- Nov 23, 2018 Artist texts: Clare Thackway Nov 23, 2018
- Oct 29, 2018 Announcement of Churchill Fellowship 2018 Oct 29, 2018
- Sep 30, 2018 Frida Kahlo at the Victoria & Albert Museum Sep 30, 2018
- Sep 7, 2018 Elizabeth Willing profile for Art Collector magazine Sep 7, 2018
- Aug 2, 2018 Beyond Community Engagement: Transforming Dialogues in Art, Education and the Cultural Sphere Aug 2, 2018
- Jun 21, 2018 Spotlight on MCA Young Guides Jun 21, 2018
- Jul 26, 2017 Te Tuhi Talks Jul 26, 2017
- Apr 2, 2017 New role: Museum of Contemporary Art Australia Apr 2, 2017
- Jan 19, 2017 Louise Paramor profile for Art Collector magazine, issue 78 Jan 19, 2017
- Dec 1, 2016 Craft Council UK – Make:Shift conference, Manchester, 10-11 Nov, 2016 Dec 1, 2016
- Oct 30, 2016 Alison Croggon on the arts funding crisis and the importance of criticism Oct 30, 2016
- Apr 27, 2016 Lottie Consalvo: mid-fall, Alaska Projects Apr 27, 2016
- Mar 18, 2016 20th Biennale of Sydney: The future is here it's just not evenly distributed Mar 18, 2016
- Nov 22, 2015 Celeste Boursier-Mougenot at the NGV Nov 22, 2015
- Sep 22, 2015 Educating People Like Us Sep 22, 2015
- Aug 2, 2015 What It Means to be Me, Western Plains Cultural Centre, Dubbo, 26 July 2015 Aug 2, 2015
- Jul 12, 2015 More Marina Magic Jul 12, 2015
- Jul 12, 2015 Art Collector cover story Jul 12, 2015
- Jun 25, 2015 Lessons learnt: Kaldor regional progress report Jun 25, 2015
- May 5, 2015 Kaldor pilots regional engagement project May 5, 2015
- Aug 21, 2014 Melbourne Art Fair 2014 Aug 21, 2014
- Jun 24, 2014 Fresh Faces Symposium: Art Gallery of New South Wales Jun 24, 2014
- May 24, 2014 REVIEW: Sleepers Awake, MCA C3West Project, Bungaribee May 24, 2014
- Feb 20, 2014 Kevin Chin profile for Art Collector magazine Feb 20, 2014
- Feb 9, 2014 Artlink review: 21st Century Portraits Feb 9, 2014
- Jan 12, 2014 REVIEW: Christian Boltanski, Chance, Carriageworks Jan 12, 2014
- Sep 20, 2013 The problem with 'Australia' Sep 20, 2013
- Sep 4, 2013 Margate: An away day and a visit to Turner Contemporary Sep 4, 2013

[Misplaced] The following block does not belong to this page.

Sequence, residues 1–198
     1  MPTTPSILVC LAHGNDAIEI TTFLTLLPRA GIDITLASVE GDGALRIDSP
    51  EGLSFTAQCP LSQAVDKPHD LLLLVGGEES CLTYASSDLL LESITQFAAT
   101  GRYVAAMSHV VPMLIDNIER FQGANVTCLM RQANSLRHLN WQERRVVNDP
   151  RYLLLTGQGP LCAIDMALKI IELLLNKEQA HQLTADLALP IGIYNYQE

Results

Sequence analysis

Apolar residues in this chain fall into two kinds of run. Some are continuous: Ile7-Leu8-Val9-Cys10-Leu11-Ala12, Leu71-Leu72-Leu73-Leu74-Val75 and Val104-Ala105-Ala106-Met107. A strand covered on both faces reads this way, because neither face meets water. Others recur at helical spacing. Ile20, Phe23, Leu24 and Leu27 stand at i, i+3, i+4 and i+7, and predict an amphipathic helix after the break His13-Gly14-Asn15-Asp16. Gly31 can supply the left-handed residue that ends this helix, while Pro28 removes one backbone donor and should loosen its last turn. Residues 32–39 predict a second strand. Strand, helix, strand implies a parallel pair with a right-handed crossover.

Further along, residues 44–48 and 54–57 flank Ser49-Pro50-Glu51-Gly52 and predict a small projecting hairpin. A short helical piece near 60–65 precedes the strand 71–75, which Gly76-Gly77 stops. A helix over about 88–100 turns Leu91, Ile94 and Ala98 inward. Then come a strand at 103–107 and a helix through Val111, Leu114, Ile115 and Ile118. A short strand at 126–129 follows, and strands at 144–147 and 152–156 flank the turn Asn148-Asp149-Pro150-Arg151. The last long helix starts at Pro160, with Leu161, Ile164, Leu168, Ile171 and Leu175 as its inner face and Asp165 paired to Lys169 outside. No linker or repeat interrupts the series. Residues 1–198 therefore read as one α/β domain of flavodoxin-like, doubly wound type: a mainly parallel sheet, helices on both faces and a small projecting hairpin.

- Jul 28, 2013 A round-up: Miles Aldridge, Somerset House; Katharina Fritsch, Fourth Plinth, Trafalgar Square; Michael Landy, ‘Saints Alive’, National Gallery Jul 28, 2013
- Jul 21, 2013 Peckham weekends Jul 21, 2013
- Jul 11, 2013 Harpa Concert Hall, Reykjavik Jul 11, 2013
- Jun 4, 2013 St Paul-de-Vence Jun 4, 2013
- May 30, 2013 A visit to Paul Cezanne's studio May 30, 2013
- Oct 30, 2012 REVIEW: dOCUMENTA 13, Kassel, Germany Oct 30, 2012
- Oct 28, 2012 Tino Sehgal, These Associations, Tate Modern, London Oct 28, 2012
- Aug 4, 2012 Jeremy Deller, Sacrilege, Burgess Park, London Aug 4, 2012
- Apr 14, 2012 REVIEW: Martin Creed, Sketch Nightclub, London Apr 14, 2012
- Jul 19, 2010 Christian Boltanski, Les archives du coeur, Serpentine Gallery, London Jul 19, 2010
- Jul 9, 2010 REVIEW: 1:1 Architects Build Small Spaces, Victoria & Albert Museum, London Jul 9, 2010
- Jul 5, 2010 REVIEW: EXPOSED: Voyeurism, Surveillance & the Camera, Tate Modern, London Jul 5, 2010
- Jun 21, 2010 REVIEW: Sean Scully New Work, Timothy Taylor Gallery, London Jun 21, 2010
- Jun 14, 2010 Yinka Shonibare MBE, “Nelson’s Ship in a Bottle”, Fourth Plinth, Trafalgar Square Jun 14, 2010
- May 20, 2010 REVIEW: Céleste Boursier-Mougenot, Barbican Centre, London May 20, 2010
- May 16, 2010 REVIEW: Decode: Digital Design Sensation, Victoria & Albert Museum, London May 16, 2010
- May 9, 2010 REVIEW: Olafur Eliasson: Take Your Time, Museum of Contemporary Art, Sydney May 9, 2010
- Sep 17, 2008 REVIEW: Suzanne Treister, ALCHEMY, Annely Juda Fine Art Sep 17, 2008